Some Issues In The National Income Accounts Of Pakistan : rebasing, Quarterly And Provincial Accounts And Growth Accounting
Author: Muhammad Farooq Arby

This dissertation takes on some important issues related with national accounts of Pakistan including (a) re-estimation of past series of national accounts (prior to the year 1999-00) to make it consistent with the new official series for years 1999-00 onward at new base year prices; (b) quarterisation of annual series of national accounts to remove one of the major stumbling block in research by making available high frequency data, (c) estimation of provincial accounts with new base year prices, and (d) estimation the contribution of total factor productivity (TFP) to economic growth with the new series of gross domestic product and its sub-sectors. Thus by embarking upon the above mentioned issues, the dissertation contributes to the economic literature in the following respects: i) It provides a new set of national accounts at 1999-00 prices as well as at current prices for a period from 1970-71 to date consistent with the new official estimates for recent years. ii) It gives quarterly data of GDP and all its sectors/sub-sectors both at constant prices of 1999-00 and at current prices.1 A by-product of this exercise is quarterly GDP deflator (with 1999-00=100) which was earlier not available in Pakistan. iii) It presents estimates of provincial GDP and all its sectors/sub-sectors covering all the provinces in a consistent framework.2 iv) It provides series of gross fixed capital formation and capital stock estimated at disaggregated level and at prices of 1999-00. v) It estimates contribution of TFP, capital and labour to the growth of GDP and its sectors/sub-sectors (growth rates of new series at 1999-00 prices). In its attempt to re-estimate the previous series at new base of 1999-00, the dissertation followed, to the extent possible, the same methodology as of the Federal 1 Earlier work on quarterisation include Bengaliwala (1995) and Kemal and Arby (2004), however, both are at old base year prices of 1980-81 and available only at constant prices. 2 Earlier work on provincialisation is Bengaliwala (1995) and Bengali and Sadaqat (2005), however, both are old base year prices of 1980-81. Bureau of Statistics (FBS). Rather, it has improved upon FBS methodology in case of some sub-sectors including livestock and slaughtering by re-estimating population of different animals and the number of animals slaughtered with more logical techniques (detail discussion in chapter 4). For quarterization of national accounts, maximum information available in official sources or in different studies have been used which include: harvest calendars of all major crops and most of the minor crops (with province level detail); seasonal patterns of milk production, fish catch, and timber; quarterly production of different minerals, manufacturing goods, and cement (for construction activities); seasonal pattern of utilities consumption; quarterly imports and financial indicators like M2; etc. Moreover, mechanical technique of quarterisation as proposed by Lisman and Sandee (1964) has also been used in case of some sub-sectors like Transport, storage & communication, ownership of dwellings and other services. The provincial distribution of national accounts have been done by using some related indicators; however, provincial value added for sectors like crops, fishing, and mining & quarrying have been estimated directly by product approach just like national accounts. In order to estimate the contribution of total factor productivity to growth, the dissertation has undertaken a detailed exercise of estimating the capital stock at constant prices of 1999-00 and skill-adjusted labour force – both the inputs for all sub-sectors of GDP. The non-parametric approach as suggested by Solow has been used in factorization of overall GDP growth as well as growth in all sub-sectors. The results show that the series of national accounts estimated by this dissertation are fairly close to the official series for years 1999-00 to 2004-05, which gives a confidence to estimates of this dissertation for series prior to 1999-00. It has been found that on average 21.8 percent of the annual GDP is produced in the first quarter (Jul-Sep) followed by the third quarter (Jan-Mar) with 25.2 percent of annual GDP. In the second quarter (Oct-Dec) the production of goods and services is vi the highest at 26.9 percent. In the last quarter (Apr-Jun) production is also high with 26.1 percent of the annual. The provincial distribution of gross domestic product shows that the Punjab holds the highest share in gross domestic product (52.3 percent); it is followed by Sindh (30.6 percent), NWFP (11.5 percent) and Balochistan (5.5 percent). However, over the years the Punjab’s share has declined: during 1970s, about 54 percent of the country’s GDP was being generated in the Punjab that declined to 51.8 percent in 2000s. On the other hand, shares of NWFP and Balochistan in total GDP have increased during this period; there is no significant change in the share of Sindh in total GDP during the period of 1970-2005. The results of growth accounting exercise shows that average contribution of total factor productivity to GDP growth during the period 1970-2005 had been 1 percentage point. It was higher in 1970s and early eighties and remained below 1 percent in subsequent years with negative growth during the periods of late 1980s and late 1990s. However, resurgence in total factor productivity growth has been witnessed in recent years. Comparing the relative contribution of capital and labour, the results show that labour remained the biggest contributor to economic growth during 1970-2005; however, in recent years, capital contribution has surpassed the labour contribution. Supervisor:- Dr. A. R. Kemal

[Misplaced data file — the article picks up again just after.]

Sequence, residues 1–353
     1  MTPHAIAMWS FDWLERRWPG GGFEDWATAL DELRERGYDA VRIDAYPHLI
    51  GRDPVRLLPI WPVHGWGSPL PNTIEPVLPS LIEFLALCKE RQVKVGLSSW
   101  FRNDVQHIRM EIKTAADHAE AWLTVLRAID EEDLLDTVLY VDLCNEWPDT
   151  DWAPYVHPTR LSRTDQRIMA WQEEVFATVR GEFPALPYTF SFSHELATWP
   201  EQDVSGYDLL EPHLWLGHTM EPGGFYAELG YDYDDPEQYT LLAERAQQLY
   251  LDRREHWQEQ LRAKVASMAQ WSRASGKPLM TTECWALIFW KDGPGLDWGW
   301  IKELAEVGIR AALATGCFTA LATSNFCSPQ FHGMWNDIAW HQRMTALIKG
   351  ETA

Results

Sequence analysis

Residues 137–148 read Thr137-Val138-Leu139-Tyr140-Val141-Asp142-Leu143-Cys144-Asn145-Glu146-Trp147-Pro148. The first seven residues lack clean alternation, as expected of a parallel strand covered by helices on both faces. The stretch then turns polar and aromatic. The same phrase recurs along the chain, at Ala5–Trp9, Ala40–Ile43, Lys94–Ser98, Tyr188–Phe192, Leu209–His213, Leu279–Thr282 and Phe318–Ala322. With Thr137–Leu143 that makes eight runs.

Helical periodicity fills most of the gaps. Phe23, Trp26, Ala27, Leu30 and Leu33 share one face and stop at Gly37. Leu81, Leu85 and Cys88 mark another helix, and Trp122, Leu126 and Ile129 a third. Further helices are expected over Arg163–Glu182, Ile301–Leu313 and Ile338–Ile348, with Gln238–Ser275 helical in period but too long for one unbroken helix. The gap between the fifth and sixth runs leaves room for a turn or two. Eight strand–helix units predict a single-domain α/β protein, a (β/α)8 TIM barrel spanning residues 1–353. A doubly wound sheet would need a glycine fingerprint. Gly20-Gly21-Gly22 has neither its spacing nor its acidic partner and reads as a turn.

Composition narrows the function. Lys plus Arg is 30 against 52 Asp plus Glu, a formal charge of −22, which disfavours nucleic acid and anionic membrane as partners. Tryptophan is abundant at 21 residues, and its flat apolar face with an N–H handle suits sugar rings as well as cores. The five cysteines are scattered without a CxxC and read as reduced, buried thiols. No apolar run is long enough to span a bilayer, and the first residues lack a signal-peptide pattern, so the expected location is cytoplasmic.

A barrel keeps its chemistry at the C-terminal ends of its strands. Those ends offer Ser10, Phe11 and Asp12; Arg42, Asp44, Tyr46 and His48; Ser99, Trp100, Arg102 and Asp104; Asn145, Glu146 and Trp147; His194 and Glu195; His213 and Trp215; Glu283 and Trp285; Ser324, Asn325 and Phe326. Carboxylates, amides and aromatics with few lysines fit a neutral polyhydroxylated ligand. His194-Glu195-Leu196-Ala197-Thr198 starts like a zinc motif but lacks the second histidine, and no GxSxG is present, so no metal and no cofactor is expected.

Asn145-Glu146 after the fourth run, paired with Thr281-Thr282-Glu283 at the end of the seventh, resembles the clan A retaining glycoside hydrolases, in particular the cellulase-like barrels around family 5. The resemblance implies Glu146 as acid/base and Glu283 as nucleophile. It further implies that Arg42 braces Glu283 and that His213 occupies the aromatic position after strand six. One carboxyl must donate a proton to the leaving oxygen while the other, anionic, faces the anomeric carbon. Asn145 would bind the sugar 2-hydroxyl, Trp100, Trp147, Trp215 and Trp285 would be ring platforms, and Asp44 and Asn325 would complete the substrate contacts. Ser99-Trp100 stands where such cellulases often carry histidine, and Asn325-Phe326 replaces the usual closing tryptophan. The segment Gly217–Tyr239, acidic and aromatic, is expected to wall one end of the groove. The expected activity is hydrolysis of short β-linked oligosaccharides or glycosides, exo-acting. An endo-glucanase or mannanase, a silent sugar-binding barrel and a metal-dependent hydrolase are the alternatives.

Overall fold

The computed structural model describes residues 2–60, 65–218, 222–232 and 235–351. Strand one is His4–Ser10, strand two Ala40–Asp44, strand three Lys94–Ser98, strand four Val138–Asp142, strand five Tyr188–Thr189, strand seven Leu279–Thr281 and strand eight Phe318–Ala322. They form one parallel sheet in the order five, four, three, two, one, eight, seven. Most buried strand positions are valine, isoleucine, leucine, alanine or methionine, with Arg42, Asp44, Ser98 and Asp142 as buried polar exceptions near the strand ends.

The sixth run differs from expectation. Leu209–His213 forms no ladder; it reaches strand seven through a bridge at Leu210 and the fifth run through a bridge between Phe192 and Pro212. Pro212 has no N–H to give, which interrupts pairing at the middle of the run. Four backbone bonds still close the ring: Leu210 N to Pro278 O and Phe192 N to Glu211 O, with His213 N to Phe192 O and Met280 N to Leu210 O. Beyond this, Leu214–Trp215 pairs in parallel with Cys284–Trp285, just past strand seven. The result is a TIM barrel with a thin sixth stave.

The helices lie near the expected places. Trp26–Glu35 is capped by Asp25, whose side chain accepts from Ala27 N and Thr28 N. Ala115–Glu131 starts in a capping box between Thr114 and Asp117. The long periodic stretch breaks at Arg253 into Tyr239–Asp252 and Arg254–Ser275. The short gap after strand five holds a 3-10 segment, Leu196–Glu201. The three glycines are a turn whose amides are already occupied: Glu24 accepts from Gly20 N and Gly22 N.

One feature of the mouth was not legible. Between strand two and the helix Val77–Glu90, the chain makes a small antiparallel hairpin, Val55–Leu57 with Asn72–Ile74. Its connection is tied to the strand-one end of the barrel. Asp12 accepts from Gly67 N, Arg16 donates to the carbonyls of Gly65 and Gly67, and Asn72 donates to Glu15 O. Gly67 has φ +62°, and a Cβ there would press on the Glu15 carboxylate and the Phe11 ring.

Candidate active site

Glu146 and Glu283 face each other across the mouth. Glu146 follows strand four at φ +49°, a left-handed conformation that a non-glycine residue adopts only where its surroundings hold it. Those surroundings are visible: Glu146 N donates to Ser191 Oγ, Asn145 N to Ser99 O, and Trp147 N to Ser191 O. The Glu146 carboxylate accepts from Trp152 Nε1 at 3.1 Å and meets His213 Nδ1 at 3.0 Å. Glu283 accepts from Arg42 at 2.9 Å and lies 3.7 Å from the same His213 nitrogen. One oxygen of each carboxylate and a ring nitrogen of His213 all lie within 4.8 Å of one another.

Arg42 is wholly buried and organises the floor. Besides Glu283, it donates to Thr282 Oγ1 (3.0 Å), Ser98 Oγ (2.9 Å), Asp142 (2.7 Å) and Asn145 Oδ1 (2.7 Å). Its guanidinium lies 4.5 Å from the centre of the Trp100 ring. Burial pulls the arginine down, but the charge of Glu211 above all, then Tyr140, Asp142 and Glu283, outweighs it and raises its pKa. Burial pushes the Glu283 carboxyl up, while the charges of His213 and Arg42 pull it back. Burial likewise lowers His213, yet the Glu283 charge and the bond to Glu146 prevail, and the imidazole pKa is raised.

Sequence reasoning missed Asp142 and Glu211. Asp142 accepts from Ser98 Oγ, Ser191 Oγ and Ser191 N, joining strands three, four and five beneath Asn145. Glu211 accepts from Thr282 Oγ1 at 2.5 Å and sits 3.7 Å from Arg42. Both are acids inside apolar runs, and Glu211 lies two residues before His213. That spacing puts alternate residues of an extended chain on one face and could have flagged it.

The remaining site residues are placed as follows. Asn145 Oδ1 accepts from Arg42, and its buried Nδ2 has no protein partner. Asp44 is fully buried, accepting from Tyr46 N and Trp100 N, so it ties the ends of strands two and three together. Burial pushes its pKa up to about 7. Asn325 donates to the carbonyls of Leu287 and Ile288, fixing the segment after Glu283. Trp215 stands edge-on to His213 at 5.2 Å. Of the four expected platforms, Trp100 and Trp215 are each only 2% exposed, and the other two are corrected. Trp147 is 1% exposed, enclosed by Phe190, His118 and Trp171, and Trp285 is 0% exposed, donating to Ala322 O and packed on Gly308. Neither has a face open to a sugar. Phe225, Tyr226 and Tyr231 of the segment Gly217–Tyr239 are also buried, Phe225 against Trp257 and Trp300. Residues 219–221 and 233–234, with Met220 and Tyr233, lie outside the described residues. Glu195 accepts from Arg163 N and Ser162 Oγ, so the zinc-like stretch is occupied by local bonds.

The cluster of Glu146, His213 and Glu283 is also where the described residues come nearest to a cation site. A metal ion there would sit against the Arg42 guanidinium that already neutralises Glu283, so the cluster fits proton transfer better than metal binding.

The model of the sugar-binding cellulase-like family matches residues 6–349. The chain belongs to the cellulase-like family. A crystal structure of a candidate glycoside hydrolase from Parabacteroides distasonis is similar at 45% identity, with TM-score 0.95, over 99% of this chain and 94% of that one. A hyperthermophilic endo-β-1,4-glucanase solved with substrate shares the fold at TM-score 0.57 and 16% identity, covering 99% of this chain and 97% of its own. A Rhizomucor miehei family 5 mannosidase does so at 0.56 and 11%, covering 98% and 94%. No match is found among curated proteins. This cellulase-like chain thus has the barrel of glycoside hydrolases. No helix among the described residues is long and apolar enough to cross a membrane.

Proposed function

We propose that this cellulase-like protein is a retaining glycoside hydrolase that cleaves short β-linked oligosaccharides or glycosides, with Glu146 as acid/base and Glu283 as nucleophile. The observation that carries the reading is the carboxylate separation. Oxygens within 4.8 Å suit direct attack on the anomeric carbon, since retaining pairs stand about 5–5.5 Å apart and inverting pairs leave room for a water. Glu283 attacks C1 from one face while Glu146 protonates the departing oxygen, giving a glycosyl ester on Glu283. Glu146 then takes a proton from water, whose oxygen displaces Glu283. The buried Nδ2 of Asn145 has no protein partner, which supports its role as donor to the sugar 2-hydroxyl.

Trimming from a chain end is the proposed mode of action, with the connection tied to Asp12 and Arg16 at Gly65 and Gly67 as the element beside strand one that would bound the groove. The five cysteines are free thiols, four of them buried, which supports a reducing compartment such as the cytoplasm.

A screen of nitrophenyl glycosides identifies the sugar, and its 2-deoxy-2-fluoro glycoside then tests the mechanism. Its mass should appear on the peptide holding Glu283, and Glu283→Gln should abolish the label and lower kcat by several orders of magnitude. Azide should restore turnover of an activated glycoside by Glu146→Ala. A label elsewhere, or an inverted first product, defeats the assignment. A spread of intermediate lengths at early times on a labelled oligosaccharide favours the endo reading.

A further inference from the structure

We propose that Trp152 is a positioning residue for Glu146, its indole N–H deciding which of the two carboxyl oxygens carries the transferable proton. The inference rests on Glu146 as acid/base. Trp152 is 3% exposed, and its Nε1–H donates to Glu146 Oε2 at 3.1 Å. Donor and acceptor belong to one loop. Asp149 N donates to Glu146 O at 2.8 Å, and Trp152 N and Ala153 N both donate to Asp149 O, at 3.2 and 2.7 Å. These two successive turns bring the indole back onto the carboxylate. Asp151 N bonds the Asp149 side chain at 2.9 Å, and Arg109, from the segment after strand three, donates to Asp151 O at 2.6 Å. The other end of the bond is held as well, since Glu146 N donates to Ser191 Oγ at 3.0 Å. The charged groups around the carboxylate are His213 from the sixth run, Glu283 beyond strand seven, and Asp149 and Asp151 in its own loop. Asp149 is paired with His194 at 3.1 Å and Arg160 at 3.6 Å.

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Keywords : Annual National Accounts, Factorization of GDP, National Income Accounts, National Income Accounts-Pakistan, Pakistan, Provincialisation of National Accounts, Rebasing of National Accounts
Supervisor: A. R. Kemal
Cosupervisor: Musleh ud Din